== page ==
Identification and Prevention of What Makes Life “Nasty, Brutish, and Short”
Plague is caused by the bacterium bacillus Yersinia pestis, and is carried by rodents, fleas, and mammals. Plague takes three forms: bubonic, pneumonic, and septicemic. Bubonic plague affects the lymph glands, while the pneumonic and septicemic forms affect the lungs and the blood. Today, plague can be prevented by antibiotics and strict public health measures. Three methods of controlling carriers involve sanitizing the environment, educating the public on how to prevent exposure, and using prophylactic antibiotics.
“O happy posterity, who will not experience such abysmal woe and will look upon our testimony as a fable,” wrote the Florentian Renaissance author Francesco Petrarch to a friend in the midst of the Black Plague (Benedictow 3). Indeed, the Black Plague and its timeless infamy define when life was nasty, brutish, and short.
Between 1346 and 1353, the Black Plague cast its dismal shadow over Europe, North Africa, the Middle East, and Western Asia. The plague also recurred in the late 19th and early 20th centuries in huge pandemics in Asia, and continues to be a threat today. The agent of plague, the bacterium bacillus Yersinia pestis, is transmitted to humans through the bite of infected fleas. Yersinia pestis is carried in the circulatory systems of chipmunks, prairie dogs, ground squirrels, mice, and other mammals. The plague is spread among humans by the inhalation of coughs of plague pneumonia. Although it is tempting to dismiss this pathogen as only active in outbreaks like the Black Death, and despite that the medical community found solutions to plague, plague continues to threaten those who live in areas of poor housing and sanitation conditions and thriving rat and rat flea populations. Although the disease usually occurs in animal communities, it also affects a few people at a given time under most environmental conditions.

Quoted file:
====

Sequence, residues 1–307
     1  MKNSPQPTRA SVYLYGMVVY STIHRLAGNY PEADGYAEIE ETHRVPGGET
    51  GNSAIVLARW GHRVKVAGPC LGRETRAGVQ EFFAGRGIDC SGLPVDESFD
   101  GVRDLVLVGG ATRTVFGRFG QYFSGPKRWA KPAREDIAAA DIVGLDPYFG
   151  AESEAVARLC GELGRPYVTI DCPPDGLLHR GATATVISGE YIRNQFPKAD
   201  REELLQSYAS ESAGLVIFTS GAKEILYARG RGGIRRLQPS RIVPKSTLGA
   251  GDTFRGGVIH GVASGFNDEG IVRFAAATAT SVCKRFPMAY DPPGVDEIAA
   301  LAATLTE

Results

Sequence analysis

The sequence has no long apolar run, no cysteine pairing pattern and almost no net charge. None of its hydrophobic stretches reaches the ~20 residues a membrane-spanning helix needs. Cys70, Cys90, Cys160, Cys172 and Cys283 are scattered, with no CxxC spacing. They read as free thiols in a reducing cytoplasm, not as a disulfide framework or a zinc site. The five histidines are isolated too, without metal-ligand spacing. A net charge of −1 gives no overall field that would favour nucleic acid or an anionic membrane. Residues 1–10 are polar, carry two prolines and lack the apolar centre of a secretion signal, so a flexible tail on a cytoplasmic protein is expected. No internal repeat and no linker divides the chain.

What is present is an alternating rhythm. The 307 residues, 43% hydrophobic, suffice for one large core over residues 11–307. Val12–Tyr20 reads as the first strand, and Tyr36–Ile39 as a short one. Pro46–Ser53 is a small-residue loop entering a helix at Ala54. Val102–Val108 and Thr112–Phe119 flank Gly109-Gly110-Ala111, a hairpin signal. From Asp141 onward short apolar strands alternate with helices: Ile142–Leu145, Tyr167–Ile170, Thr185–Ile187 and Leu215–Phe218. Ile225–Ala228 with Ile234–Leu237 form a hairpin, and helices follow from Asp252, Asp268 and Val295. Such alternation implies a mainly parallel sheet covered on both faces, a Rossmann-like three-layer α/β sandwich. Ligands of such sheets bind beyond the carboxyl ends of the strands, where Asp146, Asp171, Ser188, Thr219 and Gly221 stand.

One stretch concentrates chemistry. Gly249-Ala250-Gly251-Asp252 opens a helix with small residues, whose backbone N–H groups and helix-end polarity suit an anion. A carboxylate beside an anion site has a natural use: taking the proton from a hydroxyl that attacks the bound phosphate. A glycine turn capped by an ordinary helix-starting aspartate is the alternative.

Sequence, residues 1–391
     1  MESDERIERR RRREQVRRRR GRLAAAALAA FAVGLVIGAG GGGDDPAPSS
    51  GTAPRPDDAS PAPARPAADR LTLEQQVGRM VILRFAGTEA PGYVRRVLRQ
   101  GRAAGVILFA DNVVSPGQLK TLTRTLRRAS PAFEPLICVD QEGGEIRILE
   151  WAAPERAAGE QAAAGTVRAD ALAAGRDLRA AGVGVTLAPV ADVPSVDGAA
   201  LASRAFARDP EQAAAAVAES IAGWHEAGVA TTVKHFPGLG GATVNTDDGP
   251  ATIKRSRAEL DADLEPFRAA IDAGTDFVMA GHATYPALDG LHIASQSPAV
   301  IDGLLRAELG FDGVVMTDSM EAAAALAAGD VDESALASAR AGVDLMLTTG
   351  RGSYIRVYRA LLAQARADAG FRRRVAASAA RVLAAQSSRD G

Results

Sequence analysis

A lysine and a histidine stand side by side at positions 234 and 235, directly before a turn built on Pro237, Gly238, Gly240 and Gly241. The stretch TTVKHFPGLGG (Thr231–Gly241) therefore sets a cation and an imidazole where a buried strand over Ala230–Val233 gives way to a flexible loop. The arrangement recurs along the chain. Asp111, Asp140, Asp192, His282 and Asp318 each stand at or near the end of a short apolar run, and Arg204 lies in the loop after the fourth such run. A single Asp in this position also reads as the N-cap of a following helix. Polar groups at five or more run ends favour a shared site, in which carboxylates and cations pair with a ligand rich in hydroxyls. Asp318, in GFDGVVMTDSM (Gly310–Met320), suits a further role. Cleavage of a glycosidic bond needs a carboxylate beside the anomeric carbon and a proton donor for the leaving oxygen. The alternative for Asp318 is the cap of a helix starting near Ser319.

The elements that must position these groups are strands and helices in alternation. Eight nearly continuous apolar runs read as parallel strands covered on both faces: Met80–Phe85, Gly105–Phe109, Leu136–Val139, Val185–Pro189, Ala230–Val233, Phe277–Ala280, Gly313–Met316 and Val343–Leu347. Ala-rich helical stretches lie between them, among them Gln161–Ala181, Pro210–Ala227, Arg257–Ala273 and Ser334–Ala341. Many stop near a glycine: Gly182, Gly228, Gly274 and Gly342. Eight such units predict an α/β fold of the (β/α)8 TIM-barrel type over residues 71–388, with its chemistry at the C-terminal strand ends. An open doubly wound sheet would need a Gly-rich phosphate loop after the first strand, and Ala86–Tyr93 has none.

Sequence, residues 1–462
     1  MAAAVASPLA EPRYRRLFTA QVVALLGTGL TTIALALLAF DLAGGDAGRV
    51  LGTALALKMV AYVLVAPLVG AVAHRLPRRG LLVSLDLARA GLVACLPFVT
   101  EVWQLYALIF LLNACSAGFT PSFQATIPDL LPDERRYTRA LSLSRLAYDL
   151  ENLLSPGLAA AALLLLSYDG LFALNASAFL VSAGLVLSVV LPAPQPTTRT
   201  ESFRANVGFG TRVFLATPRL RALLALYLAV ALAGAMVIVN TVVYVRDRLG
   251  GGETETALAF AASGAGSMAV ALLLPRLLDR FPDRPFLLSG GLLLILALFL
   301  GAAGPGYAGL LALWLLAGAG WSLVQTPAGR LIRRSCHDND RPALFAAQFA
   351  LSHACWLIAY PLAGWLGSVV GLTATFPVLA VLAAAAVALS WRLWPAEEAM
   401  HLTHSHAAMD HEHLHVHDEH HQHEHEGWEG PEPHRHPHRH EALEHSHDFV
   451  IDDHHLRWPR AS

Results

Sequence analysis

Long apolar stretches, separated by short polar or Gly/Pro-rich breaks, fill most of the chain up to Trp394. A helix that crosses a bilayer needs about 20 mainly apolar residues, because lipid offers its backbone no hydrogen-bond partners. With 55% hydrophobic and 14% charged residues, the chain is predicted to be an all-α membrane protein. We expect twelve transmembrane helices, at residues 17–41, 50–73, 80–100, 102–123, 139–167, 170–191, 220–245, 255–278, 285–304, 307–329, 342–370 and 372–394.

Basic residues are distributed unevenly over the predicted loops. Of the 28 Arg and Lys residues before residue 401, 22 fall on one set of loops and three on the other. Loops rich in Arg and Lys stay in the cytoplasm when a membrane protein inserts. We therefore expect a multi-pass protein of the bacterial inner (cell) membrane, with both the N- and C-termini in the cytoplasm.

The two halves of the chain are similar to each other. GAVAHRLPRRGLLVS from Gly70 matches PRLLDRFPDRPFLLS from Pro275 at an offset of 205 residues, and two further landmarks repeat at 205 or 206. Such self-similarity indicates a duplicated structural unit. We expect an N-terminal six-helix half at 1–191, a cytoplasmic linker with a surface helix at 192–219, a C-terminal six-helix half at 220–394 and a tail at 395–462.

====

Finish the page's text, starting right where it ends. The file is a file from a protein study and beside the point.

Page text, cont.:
Yersinia pestis belongs to the Enterobacteriaceae, a family of Gram-negative, cocobacillus, rod-shaped bacteria. This anaerobic and intracellular agent (“CRBNE – Plague”) of plague primarily affects rodent populations on every continent except Australia.
Plague takes three forms, in which Yersinia pestis is the same agent: bubonic, pneumonic, and septicemic. The bubonic plague, through which Yersinia pestis affects the lymph nodes, is transmitted to humans usually by the bite of an infected rodent flea (Kool, J.). This variety is identified by a sudden attack of high fever, chills, general discomfort, muscular pain, severe headache, and most of all, the buboe. The buboe, from which comes “bubonic,” is a smooth and painful swelling of the lymph glands that takes place mainly in the groin, but can also occur in the armpits or neck. The symptoms appear usually two to five days after exposure to Yersinia pestis. Although it is the least dangerous of the varieties, the bubonic plague constitutes three-fourths of all plague...